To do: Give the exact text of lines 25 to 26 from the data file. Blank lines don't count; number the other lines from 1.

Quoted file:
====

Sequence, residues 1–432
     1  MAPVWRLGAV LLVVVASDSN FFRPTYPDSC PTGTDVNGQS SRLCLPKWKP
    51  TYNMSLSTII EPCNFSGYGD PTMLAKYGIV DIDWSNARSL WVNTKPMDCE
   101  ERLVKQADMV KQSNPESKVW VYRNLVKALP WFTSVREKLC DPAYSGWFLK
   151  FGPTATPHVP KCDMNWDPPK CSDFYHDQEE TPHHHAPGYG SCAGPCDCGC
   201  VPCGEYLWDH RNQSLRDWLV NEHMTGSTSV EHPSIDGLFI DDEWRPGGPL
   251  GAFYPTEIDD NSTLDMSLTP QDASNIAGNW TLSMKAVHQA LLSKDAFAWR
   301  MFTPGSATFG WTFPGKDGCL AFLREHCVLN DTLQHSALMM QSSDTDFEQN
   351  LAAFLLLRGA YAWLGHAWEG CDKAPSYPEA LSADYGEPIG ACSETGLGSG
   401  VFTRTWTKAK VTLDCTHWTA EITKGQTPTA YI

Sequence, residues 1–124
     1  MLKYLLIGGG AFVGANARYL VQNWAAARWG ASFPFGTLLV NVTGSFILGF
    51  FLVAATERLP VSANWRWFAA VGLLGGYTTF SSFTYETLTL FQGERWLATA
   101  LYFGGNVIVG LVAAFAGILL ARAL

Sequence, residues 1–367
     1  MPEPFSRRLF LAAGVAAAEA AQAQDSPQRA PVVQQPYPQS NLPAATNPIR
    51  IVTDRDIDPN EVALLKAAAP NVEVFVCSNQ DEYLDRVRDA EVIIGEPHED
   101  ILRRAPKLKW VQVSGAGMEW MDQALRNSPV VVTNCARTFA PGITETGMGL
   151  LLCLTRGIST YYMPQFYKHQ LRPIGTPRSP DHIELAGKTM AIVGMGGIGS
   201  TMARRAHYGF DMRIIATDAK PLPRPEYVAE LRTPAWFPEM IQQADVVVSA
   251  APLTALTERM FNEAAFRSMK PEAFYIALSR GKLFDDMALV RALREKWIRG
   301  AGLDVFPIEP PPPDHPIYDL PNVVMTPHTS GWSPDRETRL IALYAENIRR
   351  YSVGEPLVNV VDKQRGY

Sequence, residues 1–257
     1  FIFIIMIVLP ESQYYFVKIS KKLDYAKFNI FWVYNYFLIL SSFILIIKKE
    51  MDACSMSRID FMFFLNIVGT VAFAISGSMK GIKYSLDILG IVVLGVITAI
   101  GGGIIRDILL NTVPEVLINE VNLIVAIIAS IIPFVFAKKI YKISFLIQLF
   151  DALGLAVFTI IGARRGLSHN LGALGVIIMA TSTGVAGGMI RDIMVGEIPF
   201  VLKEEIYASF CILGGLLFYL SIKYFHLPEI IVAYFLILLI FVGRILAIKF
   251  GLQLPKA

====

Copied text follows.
     1  FIFIIMIVLP ESQYYFVKIS KKLDYAKFNI FWVYNYFLIL SSFILIIKKE
    51  MDACSMSRID FMFFLNIVGT VAFAISGSMK GIKYSLDILG IVVLGVITAI